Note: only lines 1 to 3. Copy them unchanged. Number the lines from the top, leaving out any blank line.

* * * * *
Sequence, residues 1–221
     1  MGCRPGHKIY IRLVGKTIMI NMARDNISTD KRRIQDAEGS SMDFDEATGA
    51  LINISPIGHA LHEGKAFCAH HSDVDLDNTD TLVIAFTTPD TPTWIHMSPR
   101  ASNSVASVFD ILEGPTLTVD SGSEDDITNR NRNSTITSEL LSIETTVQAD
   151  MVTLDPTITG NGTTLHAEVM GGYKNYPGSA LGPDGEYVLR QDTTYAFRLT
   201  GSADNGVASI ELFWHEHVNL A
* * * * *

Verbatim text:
Sequence, residues 1–221
     1  MGCRPGHKIY IRLVGKTIMI NMARDNISTD KRRIQDAEGS SMDFDEATGA
    51  LINISPIGHA LHEGKAFCAH HSDVDLDNTD TLVIAFTTPD TPTWIHMSPR